hunting for a random string

.. in a large (and completely undocumented) database, I’ve found the ways to get all tables that have a column name like ‘string’ and all rows that contain a string. A bit more optimized than my previous search&replace example.

select t.name as tname, SCHEMA_NAME(schema_id) as sname, c.name as cname
from sys.tables t join sys.columns c
on t.object_id=c.object_id
where c.name like '%dns%'
order by sname, tname
 
EXEC SearchTables @Tablenames = '%',@SearchStr = 'host%'

Continue reading “hunting for a random string”

move a centos / scientificlinux install to a new drive

While dd / partimage might work just fine, these steps detail exactly what data is where and how it got to the disk during install. Assuming old=sda new=sdb

  1. fdisk -ucl /dev/sda, create identical ones on sdb, I’ll assume just a small ext4 sdb1 for boot and LVM sdb2 that fills the disk
  2. pvdisplay && pvcreate /dev/sdb2
  3. vgdisplay && vgcreate rootvg /dev/sdb2 -s 32M
  4. lvdisplay &&  lvcreate -L 300G -n rootlv rootvg
  5. mkfs.ext4 /dev/sdb1
  6. mkfs.ext4 /dev/mapper/rootvg-rootlv
  7. optional tune2fs -c 0 -i 0 /dev/mapper/rootvg-rootlv
  8. mount /dev/sdb1 newboot && mount /dev/mapper/rootvg-rootlv newroot
  9. rsync -aADHvxX /boot/ newboot/
  10. rsync -aADHvxX / newroot/
  11. rsync -aADHvxX /dev/ newroot/dev/
  12. blkid /dev/sdb1, write the UUID in newroot/etc/fstab
  13. mkswap /dev/mapper/rootvg-swaplv
  14. edit fstab
  15. edit newboot/boot/grub.conf
  16. mount –bind newboot/ newroot/boot
  17. mount –bind /dev/ newroot/dev
  18. mount -t proc none newroot/proc
  19. mount -t sysfs none newroot/sys
  20. chroot newroot
  21. echo -e “rootnoverify (hd1,0)\nsetup (hd1)” | grub –batch
  22. sync && poweroff

CPU throttling on an Acer Aspire 3000

When running the default (retail) XP SP3 OS, this laptop runs at full CPU speed, and becomes worryingly hot in the process. Since Acer’s e* Management package doesn’t seem to actually do anything, the solution so far is to:

  1. Download RMClock
  2. Keep only two profiles, 4.0@0.975V and 8.0@1.175V
  3. Set profile to “Performance on demand” and “Use PST”

If you don’t run with administrator privileges by default,

  1. Install AdmiLink (yes, it’s in Russian)
  2. Point it to the full path to RMClock.exe, ShowWindow -d10 SHOWDEFAULT, link in AutoStart folder, delay enough seconds for the shell to load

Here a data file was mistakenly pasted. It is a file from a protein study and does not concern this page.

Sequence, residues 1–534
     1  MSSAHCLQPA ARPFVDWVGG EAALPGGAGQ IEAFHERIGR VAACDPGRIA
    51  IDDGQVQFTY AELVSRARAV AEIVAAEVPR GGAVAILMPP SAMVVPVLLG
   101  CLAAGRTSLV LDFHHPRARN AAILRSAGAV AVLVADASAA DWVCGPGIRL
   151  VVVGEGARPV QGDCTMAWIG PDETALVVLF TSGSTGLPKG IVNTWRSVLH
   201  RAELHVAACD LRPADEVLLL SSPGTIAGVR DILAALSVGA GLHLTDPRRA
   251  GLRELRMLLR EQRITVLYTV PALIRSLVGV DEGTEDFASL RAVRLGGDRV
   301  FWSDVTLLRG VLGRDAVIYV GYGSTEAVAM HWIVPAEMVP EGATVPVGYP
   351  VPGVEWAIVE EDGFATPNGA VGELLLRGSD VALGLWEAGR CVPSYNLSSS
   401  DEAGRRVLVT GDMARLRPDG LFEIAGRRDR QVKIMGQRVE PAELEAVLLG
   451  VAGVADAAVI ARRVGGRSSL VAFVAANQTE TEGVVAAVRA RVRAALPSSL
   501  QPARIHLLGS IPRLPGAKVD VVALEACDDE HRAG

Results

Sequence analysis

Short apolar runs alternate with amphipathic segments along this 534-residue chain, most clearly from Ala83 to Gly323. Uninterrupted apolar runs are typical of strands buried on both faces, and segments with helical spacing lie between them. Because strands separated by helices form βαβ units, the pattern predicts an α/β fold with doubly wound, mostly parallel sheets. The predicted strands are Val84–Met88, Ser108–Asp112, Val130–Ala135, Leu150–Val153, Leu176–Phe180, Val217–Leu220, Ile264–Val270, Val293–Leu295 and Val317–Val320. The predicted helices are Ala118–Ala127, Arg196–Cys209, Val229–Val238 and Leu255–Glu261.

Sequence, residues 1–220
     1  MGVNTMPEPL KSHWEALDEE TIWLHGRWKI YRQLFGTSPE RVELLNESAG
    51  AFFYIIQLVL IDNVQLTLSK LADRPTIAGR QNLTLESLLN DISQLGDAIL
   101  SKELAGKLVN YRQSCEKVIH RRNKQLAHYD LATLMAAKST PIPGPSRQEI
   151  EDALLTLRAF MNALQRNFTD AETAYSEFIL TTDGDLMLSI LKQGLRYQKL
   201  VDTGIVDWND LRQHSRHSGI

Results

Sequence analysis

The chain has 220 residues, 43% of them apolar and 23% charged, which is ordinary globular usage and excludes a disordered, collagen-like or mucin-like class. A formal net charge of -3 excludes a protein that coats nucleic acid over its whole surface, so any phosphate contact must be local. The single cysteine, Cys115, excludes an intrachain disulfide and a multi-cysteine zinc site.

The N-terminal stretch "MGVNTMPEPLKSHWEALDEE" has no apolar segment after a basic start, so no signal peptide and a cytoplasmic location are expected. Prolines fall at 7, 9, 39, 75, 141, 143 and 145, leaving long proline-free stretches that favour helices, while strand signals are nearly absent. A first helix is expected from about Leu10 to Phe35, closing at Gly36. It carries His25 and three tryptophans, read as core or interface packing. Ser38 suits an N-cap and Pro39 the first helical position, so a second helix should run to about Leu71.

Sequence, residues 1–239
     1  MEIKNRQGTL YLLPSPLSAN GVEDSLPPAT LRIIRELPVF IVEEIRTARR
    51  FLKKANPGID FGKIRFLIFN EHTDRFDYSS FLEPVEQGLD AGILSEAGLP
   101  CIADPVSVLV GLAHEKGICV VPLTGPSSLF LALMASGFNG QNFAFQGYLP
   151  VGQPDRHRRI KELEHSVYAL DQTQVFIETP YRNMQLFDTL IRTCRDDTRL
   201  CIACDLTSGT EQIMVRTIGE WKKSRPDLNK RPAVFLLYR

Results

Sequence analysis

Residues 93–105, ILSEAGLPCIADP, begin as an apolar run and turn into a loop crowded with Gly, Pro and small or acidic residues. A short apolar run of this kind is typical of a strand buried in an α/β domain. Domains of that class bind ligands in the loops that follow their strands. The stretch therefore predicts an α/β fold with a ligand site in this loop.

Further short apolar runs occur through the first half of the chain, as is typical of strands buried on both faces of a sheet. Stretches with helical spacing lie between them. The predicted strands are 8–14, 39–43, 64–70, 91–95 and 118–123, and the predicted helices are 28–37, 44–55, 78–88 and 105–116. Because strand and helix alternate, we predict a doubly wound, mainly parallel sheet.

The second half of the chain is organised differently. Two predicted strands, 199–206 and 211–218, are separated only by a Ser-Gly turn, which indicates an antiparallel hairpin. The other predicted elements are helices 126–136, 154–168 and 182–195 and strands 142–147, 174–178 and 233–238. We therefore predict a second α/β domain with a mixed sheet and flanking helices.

Enabling “legacy” VNC auth on the Mac

  1. You won’t need this if you connect with Apple’s client or with Jolly’s FastVNC. Most other clients though (tightvnc) require an initial password instead of presenting OS X’s login window.
  2. From a root prompt:
    1. Turn Screen Sharing off:
      sudo /System/Library/CoreServices/RemoteManagement/ARDAgent.app/Contents/Resources/kickstart -stop
    2. cat > /Library/Preferences/com.apple.RemoteManagement.plist
      <!DOCTYPE plist PUBLIC "-//Apple//DTD PLIST 1.0//EN" "http://www.apple.com/DTDs/PropertyList-1.0.dtd">
      <plist version="1.0">
      <dict>
      <key>ARD_AllLocalUsers</key> <false/>
      <key>LoadRemoteManagementMenuExtra</key> <true/>
      <key>ScreenSharingReqPermEnabled</key> <true/>
      <key>VNCLegacyConnectionsEnabled</key> <true/>
      </dict>
      </plist>
    3. echo enabled >/Library/Preferences/com.apple.ScreenSharing.launchd
    4. Generate an encrypted password (actually it is not encrypted, only truncated to 8 characters and XORed with a fixed key):
      echo p4sv0rdd | perl -we 'BEGIN { @k = unpack "C*", pack "H*", "1734516E8BA8C5E2FF1C39567390ADCA"}; $_ = <>; chomp; s/^(.{8}).*/$1/; @p = unpack "C*", $_; foreach (@k) { printf "%02X", $_ ^ (shift @p || 0) }; print "\n"' | tee /Library/Preferences/com.apple.VNCSettings.txt
    5. Not sure why, but to start you must use stop again:
      sudo /System/Library/CoreServices/RemoteManagement/ARDAgent.app/Contents/Resources/kickstart -stop
      sudo /System/Library/CoreServices/RemoteManagement/ARDAgent.app/Contents/Resources/kickstart -activate -configure -access -on -users admin -privs -all -restart -agent

Referenced from here and here.

which java? (for applet security settings)

In Ubuntu:

update-alternatives --list java

the output should be something like

There are 2 choices for the alternative java (providing /usr/bin/java).
Selection    Path                       Priority   Status
------------------------------------------------------------
* 0            /usr/bin/java-j2re1.6-ibm   1200      auto mode
  1            /usr/bin/java-j2re1.6-ibm   1200      manual mode
  2            /usr/bin/java-j2sdk1.6-ibm  1200      manual mode

so JAVA_HOME is

/usr/lib/j2re1.6-ibm/jre

and the file to edit is

$JAVA_HOME/lib/security/java.policy

File syntax is something like

grant codeBase "http://somehost.com:80/*" {
  permission java.security.AllPermission;
};

Typing accented letters without switching keyboard layouts

Configure some less-used key (right win) as “compose key”. For Ubuntu/Gnome, this is in System->Preferences->Keyboard->Options. Typing RWin+a modifier then the letter will result in:

rw+’: a-á e-é i-í o-ó r-ŕ s-ś z-ź w-ẃ

rw+`: a-à e-è o-ò

rw+<: z-ž c-č

rw+key pressed twice: a-å o-° e-ə

.. and a lot of others, the full list of shortcuts available depends on the GTK implementations and can be checked in gtkimcontextsimpleseqs.h

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